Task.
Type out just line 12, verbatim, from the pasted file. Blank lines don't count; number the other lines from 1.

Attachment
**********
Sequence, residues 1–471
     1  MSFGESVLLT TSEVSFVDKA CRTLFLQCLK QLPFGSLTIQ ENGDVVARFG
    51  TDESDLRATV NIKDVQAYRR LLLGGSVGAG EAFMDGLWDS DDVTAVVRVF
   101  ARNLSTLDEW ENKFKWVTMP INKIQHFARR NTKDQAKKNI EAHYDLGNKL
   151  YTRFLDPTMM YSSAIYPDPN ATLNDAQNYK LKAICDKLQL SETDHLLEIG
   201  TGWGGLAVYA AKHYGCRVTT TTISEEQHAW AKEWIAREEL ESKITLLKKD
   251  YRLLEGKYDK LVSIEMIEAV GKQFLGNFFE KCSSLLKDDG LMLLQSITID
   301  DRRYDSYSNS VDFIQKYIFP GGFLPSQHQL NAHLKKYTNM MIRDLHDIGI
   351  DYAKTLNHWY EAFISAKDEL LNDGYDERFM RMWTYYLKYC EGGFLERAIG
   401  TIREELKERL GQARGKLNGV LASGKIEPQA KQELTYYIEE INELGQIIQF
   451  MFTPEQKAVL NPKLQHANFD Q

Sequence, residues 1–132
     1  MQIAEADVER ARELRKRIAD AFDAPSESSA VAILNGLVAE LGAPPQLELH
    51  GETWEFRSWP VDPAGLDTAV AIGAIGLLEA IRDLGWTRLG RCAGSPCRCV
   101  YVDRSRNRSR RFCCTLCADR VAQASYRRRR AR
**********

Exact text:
Sequence, residues 1–132